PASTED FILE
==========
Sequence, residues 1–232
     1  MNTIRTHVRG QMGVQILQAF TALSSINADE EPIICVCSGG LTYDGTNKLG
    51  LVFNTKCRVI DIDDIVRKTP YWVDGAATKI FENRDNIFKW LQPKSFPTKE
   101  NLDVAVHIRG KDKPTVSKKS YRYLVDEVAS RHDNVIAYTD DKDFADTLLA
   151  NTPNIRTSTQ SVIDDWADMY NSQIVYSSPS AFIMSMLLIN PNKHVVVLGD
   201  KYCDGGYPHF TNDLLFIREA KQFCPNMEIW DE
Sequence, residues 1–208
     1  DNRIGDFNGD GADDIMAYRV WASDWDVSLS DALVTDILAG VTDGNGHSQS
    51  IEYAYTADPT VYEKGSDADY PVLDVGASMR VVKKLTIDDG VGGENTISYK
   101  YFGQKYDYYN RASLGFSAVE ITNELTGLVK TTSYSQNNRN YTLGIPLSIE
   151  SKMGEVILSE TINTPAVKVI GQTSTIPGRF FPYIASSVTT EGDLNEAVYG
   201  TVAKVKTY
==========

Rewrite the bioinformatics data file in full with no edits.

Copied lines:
Sequence, residues 1–232
     1  MNTIRTHVRG QMGVQILQAF TALSSINADE EPIICVCSGG LTYDGTNKLG
    51  LVFNTKCRVI DIDDIVRKTP YWVDGAATKI FENRDNIFKW LQPKSFPTKE
   101  NLDVAVHIRG KDKPTVSKKS YRYLVDEVAS RHDNVIAYTD DKDFADTLLA
   151  NTPNIRTSTQ SVIDDWADMY NSQIVYSSPS AFIMSMLLIN PNKHVVVLGD
   201  KYCDGGYPHF TNDLLFIREA KQFCPNMEIW DE
Sequence, residues 1–208
     1  DNRIGDFNGD GADDIMAYRV WASDWDVSLS DALVTDILAG VTDGNGHSQS
    51  IEYAYTADPT VYEKGSDADY PVLDVGASMR VVKKLTIDDG VGGENTISYK
   101  YFGQKYDYYN RASLGFSAVE ITNELTGLVK TTSYSQNNRN YTLGIPLSIE
   151  SKMGEVILSE TINTPAVKVI GQTSTIPGRF FPYIASSVTT EGDLNEAVYG
   201  TVAKVKTY